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A fluid is defined as a substance that continually deforms (flows) under an applied shear stress regardless of how small the applied stress. All liquids and all gases are fluids. Fluids are a subset of the phases of matter and include liquids, gases, plasmas and, to some extent, plastic solids.
Liquids form a free surface (that is, a surface not created by the container) while gases do not. The distinction between solids and fluids is not entirely obvious. The distinction is made by evaluating the viscosity of the substance. Silly Putty can be considered either a solid or a fluid, depending on the time period over which it is observed.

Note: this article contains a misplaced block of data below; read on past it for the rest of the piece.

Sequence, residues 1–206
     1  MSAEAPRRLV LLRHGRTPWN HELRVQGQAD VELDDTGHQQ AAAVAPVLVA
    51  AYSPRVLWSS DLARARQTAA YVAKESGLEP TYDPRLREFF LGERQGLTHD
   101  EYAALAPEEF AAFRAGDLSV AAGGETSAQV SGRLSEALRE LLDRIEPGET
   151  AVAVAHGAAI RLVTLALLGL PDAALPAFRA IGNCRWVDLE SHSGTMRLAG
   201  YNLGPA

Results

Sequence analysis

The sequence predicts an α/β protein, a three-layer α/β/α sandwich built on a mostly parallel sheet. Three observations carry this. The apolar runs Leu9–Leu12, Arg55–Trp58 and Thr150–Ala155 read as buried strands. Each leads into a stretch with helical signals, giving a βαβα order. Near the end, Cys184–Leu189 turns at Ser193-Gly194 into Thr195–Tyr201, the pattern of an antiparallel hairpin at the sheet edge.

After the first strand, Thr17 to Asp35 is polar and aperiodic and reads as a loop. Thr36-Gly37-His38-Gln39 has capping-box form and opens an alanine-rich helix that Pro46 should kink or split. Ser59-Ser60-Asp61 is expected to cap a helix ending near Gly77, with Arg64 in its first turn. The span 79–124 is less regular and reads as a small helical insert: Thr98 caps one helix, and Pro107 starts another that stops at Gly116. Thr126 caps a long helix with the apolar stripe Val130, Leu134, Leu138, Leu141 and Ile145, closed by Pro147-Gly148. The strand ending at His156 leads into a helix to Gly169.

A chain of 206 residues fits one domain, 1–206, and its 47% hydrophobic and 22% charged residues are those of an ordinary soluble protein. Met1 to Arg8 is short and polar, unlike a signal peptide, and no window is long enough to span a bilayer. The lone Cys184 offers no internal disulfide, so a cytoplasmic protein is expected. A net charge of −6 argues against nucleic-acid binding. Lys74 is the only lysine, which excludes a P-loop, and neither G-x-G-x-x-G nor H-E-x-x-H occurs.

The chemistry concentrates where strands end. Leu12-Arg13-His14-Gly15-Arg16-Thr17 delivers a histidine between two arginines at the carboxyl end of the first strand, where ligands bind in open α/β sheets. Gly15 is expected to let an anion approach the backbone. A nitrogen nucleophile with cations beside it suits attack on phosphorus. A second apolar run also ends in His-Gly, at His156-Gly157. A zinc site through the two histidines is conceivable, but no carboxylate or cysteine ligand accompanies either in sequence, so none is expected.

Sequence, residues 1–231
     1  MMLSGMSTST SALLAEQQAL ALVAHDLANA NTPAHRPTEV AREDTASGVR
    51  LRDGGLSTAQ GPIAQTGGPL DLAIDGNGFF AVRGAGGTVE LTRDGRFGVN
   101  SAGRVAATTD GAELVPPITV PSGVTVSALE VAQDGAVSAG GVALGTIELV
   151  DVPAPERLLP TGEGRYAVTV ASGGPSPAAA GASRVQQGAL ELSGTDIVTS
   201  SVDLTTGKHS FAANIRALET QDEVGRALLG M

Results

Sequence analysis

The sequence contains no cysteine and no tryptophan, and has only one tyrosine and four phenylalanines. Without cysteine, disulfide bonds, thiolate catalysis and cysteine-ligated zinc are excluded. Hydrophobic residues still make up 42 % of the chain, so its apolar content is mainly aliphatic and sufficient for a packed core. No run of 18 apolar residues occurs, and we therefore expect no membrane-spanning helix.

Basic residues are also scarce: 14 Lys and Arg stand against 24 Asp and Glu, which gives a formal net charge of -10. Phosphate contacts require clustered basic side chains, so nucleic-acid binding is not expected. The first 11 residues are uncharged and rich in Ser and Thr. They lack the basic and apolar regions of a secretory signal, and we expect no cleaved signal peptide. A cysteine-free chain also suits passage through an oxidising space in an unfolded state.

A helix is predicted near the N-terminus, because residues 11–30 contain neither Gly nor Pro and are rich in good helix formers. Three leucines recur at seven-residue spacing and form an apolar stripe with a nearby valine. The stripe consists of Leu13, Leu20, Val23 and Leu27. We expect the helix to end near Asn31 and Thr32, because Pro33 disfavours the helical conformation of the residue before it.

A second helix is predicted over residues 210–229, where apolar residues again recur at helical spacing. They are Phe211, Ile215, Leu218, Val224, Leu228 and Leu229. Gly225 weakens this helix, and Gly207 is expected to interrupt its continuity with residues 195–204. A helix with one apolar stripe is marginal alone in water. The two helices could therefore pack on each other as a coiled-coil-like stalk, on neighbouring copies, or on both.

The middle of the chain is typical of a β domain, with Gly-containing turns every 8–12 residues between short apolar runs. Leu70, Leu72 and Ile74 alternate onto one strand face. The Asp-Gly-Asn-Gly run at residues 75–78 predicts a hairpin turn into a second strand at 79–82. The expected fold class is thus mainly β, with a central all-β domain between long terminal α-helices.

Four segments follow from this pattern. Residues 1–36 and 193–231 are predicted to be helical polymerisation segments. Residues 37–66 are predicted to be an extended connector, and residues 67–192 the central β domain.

Fluids display such properties as:
These properties are typically a function of their inability to support a shear stress in static equilibrium.
Solids can be subjected to shear stresses, and to normal stresses - both compressive and tensile. In contrast, ideal fluids can only be subjected to normal, compressive stress which is called pressure. Real fluids display viscosity and so are capable of being subjected to low levels of shear stress.
In a solid, shear stress is a function of strain, but in a fluid, shear stress is a function of rate of strain. A consequence of this behavior is Pascal's law which describes the role of pressure in characterizing a fluid's state.
The behavior of fluids can be described by the Navier-Stokes equations - a set of partial differential equations which are based on:
|This article is licensed under the GNU Free Documentation License. It uses material from the Wikipedia article "Fluid". A list of authors is available in Wikipedia.|